Profile of Mood States Brief.
Profile of mood states brief (POMS-B) is a shortened version of the original, designed to measure total mood disturbance comprised of 6 individual mood states: tension-anxiety, depression-dejection, anger-hostility, vigor-activity, fatigue-inertia, confusion-bewilderment.19 This portion of the questionnaire contained the 30 POMS-B terms and 9 added terms based on HSV-specific themes elicited in qualitative interviews conducted before this study.20 At all visits, participants rated each term, such as “angry,” “nervous,” and “confused,” on a 5-point scale based on how they had been feeling during the past week.
Herpes Related Quality of Life.
The herpes related quality of life (HRQoL) takes into account the episodic nature and stigma associated with HSV-2 infection to measure the nonclinical impact of genital herpes on life quality.21 At the visits following testing, HSV-2 positive study participants used a 4-point scale to answer 25 questions. The HRQoL summary score is the sum for each participant visit.
Multidimensional Sexual Self Concept Questionnaire: Sexual Optimism.
This subscale measures expectations for the future aspects of one’s sex life.22 At the visits following testing, HSV-2 positive study participants answered 5 questions using a 5-point scale. A mean multidimensional sexual self concept questionnaire (MSSCQ) summary score was calculated for each participant visit.
Current Sexual Satisfaction.
This instrument is designed to measure the degree of satisfaction people presently have in their sexual relationships.23 Participants with 1 or more current sexual partners were asked at all visits to score 12 items on a 7-point scale. The current sexual satisfaction score is the sum of these items for each participant visit.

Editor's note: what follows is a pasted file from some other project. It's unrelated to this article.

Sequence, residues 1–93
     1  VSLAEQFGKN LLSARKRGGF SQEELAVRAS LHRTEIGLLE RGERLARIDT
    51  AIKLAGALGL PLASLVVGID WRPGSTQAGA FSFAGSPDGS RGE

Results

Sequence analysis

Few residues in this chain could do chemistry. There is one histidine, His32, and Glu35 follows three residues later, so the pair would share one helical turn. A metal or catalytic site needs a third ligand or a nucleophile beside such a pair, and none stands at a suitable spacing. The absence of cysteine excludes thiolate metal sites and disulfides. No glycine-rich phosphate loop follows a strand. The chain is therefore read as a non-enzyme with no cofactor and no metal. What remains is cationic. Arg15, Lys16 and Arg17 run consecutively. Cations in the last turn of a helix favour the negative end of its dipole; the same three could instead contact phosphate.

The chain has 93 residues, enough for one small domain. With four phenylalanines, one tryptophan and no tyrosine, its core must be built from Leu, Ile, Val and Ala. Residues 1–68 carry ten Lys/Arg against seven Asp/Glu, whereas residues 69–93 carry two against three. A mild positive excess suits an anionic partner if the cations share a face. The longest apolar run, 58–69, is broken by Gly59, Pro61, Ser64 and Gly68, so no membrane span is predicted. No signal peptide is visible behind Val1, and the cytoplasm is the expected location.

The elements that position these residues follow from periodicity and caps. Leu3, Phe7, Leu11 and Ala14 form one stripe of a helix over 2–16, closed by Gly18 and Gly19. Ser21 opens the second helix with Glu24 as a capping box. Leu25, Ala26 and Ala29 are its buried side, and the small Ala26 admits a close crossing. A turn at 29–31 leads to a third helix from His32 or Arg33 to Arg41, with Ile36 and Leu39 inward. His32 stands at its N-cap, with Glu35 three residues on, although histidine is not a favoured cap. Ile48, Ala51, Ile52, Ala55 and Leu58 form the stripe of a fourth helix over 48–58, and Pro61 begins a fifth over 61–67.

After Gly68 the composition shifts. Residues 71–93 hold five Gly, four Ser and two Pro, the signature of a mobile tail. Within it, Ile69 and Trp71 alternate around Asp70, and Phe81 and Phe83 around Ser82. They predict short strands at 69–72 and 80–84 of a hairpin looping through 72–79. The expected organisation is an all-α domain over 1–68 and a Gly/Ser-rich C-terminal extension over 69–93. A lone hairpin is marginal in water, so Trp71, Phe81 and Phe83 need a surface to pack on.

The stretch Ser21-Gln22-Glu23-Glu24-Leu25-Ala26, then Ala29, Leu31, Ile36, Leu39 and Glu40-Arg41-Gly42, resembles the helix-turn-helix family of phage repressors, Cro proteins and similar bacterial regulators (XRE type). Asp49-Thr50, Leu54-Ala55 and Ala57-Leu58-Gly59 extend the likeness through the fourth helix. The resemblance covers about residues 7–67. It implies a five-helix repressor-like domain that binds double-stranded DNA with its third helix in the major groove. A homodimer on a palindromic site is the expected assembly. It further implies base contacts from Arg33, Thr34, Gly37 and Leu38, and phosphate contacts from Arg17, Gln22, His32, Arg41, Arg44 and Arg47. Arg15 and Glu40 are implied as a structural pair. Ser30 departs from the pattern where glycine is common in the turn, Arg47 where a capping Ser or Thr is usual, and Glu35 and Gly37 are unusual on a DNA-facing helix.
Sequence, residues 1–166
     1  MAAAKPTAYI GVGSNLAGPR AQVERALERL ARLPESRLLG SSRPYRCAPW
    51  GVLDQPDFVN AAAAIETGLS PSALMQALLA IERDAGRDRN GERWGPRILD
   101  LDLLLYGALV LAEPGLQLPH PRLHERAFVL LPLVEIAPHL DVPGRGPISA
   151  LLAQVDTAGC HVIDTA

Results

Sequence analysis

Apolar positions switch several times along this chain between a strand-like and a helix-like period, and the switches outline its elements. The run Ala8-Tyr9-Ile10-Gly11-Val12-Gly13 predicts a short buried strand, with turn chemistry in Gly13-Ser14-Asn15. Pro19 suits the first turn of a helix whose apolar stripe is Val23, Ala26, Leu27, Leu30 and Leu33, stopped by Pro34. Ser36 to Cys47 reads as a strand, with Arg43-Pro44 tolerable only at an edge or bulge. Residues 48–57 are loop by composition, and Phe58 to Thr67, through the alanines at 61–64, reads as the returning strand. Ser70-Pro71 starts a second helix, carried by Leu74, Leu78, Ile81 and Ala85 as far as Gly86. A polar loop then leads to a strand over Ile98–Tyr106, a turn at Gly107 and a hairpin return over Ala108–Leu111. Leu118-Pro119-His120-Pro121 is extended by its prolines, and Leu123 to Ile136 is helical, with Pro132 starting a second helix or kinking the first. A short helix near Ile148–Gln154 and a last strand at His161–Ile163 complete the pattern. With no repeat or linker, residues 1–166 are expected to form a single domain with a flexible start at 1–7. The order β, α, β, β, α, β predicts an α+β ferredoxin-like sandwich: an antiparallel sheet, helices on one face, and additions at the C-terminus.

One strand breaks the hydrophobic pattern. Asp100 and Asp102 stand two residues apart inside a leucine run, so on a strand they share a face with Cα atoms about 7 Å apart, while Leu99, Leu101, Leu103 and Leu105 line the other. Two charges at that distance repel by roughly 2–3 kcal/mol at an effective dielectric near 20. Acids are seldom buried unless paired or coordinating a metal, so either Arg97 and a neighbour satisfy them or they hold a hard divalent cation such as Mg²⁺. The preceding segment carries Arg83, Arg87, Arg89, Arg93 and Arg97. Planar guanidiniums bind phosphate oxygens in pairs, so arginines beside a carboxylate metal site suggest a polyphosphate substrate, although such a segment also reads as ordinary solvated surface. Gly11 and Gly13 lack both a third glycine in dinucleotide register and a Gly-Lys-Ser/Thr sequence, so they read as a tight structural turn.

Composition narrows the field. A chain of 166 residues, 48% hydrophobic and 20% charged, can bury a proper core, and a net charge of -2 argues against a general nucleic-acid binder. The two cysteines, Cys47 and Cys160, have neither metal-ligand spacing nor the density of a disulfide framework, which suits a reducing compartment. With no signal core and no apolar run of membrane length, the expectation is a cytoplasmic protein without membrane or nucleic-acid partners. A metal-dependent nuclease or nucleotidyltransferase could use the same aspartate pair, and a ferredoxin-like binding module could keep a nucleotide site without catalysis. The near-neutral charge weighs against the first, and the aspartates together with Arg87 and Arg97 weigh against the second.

Ways of Coping.
This instrument is designed to identify the thoughts and actions people use to cope with stressful situations.24 At all visits, participants used a 4-point scale to rate how often they utilized 6 ways of coping in the past 3 months: distancing, self-controlling, seeking social support, escape-avoidance, using alcohol, and using sex.
To calculate sample size, estimated mean differences and variances were used from a study measuring the increase in quality of life associated with suppressive antiviral therapy, which showed a difference of 8.8-10.6 points in the treatment group and 4.6 points in the placebo group at follow-up.25 To achieve 90% power assuming α = 0.05 for a 2-tailed test, it was estimated 40 participants with a new serologic diagnosis of HSV-2 must be followed to detect a difference of 5 on the HRQoL.
To assess internal reliability, Cronbach’s α was calculated from the baseline and week-2 life quality questionnaire before scoring of the individual psychosocial subscales. To preserve summary score comparability, person-level mean substitution was used to estimate missing responses (<10% of the data were so estimated). Scales with more than 1 missing value were excluded (with exception to the POMS-B and HRQoL, for which 2 missing values were allowed).
Data were analyzed using generalized estimating equations (GEE) with a Gaussian distribution and an exchangeable correlation structure for observations within the same subject. We considered differences between 3 groups of interest: HSV-2 negative participants, previously diagnosed HSV-2 positive participants, and newly diagnosed HSV-2 positive participants. Both persistent and transitory time patterns were examined looking at differences in time patterns by our groups of interest via interaction terms. Race and gender effects were also considered. Persistent time trends were examined by testing whether baseline scores differed from the average follow-up measure. Transitory time patterns were examined by assessing whether measures at 2-weeks post diagnosis were different from all other time points.
Test Uptake and Participant Demographics
Of 3111 enrollees contacted and eligible for participation, 344 (11%) came to the UW Virology Research Clinic to be tested for HSV. Twenty-eight percent of eligible enrollees contacted by GHC staff wanted to hear more about the study from UW staff, and of these, 56% of the eligible contacted came to the research clinic for testing. One-third of those who gave a reason for refusing had time limitations or transportation concerns. Of the 344 enrollees enrolled and tested, 87 (26%) were HSV-2 seropositive, and 44 (51%) of these did not report a prior genital herpes diagnosis. All 87 HSV-2 seropositive enrollees and 114 (44%) of HSV-2 seronegative enrollees were enrolled into the prospective portion of the study. There were no significant demographic differences between the HSV-2 seronegative participants tested and followed and those tested but not followed (data not shown).